Charles Halpern

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Charles Halpern is a pioneer in the public interest law movement, a successful public interest entrepreneur, an innovator in legal education, a long-time meditation practitioner and advocate, and author of Making Waves and Riding the Currents: Activism and the Practice of Wisdom [1]

He is currently Director of the Berkeley Initiative for Mindfulness in Law [2], a new venture at Berkeley Law exploring the benefits of meditation to legal education and law practice.

Halpern earned his Bachelor of Arts in American history and literature from Harvard College in 1961 and his Law degree from Yale Law School in 1964.

Education and employment[edit]

After finishing law school he clerked for two years with Judge George T. Washington of the United States Court of Appeals for the District of Columbia Circuit.

Halpern then accepted an associate position with the D.C. law firm Arnold and Porter, which he held for four years. It was during his time with Arnold and Porter that Halpern found his calling in the public interest law movement, initially in the area of mental health. He was lead counsel in the case Rouse v. Cameron,373 F.2d 451 (D.C. Cir. 1966), which challenged the adequacy of treatment being provided to an individual confined in a mental hospital.[1] Halpern was later counsel in Wyatt v. Aderholt,503 F.2d 1305 (5th Cir. 1974), which affirmed a Constitutional right to treatment for individuals civilly committed to state mental facilities.[2]

Founding of Center for Law and Social Policy[edit]

In 1969, Halpern left Arnold and Porter and co-founded the Center for Law and Social Policy in Washington D.C., the nation’s first public interest law firm.[3][4] While with the Center he served as counsel on a number of important public interest cases including the seminal environmental cases concerning the construction of the Alaska Pipeline, see Wilderness Society v. Morton,479 F.2d 842 (D.C. Cir. 1973), and the banning of DDT, see Environmental Defense Fund, Inc. v. Ruckelshaus,439 F.2d 584 (D.C. Cir. 1971). His interest in mental health issues also ultimately led him to co-found the Mental Health Project, later renamed the Bazelon Center for Mental Health Law, in 1971. In 1975 Halpern founded the Council for Public Interest Law, later renamed the Alliance for Justice, and he subsequently served as a professor at Stanford Law School and Georgetown University Law Center and as a Senior Fellow at Yale Law School.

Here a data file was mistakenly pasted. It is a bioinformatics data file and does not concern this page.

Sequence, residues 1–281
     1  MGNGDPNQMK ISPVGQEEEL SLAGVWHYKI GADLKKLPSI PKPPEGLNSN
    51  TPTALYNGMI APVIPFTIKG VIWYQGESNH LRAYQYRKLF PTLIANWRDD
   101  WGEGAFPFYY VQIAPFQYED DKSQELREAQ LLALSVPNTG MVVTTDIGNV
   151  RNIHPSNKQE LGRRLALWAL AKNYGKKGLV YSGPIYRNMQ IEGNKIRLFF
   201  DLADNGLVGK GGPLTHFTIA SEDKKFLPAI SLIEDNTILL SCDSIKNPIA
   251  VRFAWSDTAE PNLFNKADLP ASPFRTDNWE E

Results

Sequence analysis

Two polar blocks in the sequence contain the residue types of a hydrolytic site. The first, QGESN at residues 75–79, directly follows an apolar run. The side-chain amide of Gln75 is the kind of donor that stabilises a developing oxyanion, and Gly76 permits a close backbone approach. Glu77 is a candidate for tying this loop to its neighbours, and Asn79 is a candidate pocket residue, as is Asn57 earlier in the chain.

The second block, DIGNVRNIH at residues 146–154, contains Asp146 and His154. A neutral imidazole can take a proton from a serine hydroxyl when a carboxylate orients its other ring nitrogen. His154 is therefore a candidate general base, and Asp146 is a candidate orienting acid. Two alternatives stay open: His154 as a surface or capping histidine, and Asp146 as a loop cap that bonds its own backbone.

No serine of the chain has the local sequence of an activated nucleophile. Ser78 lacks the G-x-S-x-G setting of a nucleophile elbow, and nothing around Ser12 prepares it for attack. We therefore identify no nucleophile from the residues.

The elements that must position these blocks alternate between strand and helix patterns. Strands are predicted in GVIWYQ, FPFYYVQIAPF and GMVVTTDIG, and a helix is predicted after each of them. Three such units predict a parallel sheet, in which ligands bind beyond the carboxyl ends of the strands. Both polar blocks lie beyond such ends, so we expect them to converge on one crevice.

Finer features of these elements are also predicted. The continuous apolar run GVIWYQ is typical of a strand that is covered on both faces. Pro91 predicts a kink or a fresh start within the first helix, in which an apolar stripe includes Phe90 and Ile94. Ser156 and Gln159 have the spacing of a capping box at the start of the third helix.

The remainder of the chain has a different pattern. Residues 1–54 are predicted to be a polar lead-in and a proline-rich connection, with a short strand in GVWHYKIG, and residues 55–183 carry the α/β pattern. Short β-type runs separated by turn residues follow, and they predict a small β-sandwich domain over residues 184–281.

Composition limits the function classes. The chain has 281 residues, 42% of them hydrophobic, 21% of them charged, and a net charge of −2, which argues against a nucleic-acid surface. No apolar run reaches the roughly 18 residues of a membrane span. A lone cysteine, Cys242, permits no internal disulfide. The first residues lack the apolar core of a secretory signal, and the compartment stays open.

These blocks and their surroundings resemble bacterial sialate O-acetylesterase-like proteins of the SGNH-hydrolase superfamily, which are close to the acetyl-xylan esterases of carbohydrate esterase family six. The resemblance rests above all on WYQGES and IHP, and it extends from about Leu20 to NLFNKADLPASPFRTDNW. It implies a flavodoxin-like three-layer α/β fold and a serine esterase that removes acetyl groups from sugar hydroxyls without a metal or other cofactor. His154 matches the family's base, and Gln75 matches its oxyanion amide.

Deanship[edit]

In 1982 Halpern was named the founding dean of the City University of New York (CUNY) Law School at Queens College (City University of New York School of Law), a law school with a public interest mission and an innovative curriculum.[5][6]

President and CEO[edit]

Halpern later became the first President and CEO of the Nathan Cummings Foundation, a $400 million grant-making foundation in New York City, a position he held from 1989-2000.[7] Under his leadership the foundation developed and supported many innovative philanthropic initiatives, including Healing and the Mind with Bill Moyers and the dialogues between the Dalai Lama and spiritual leaders of the American Jewish community.[8]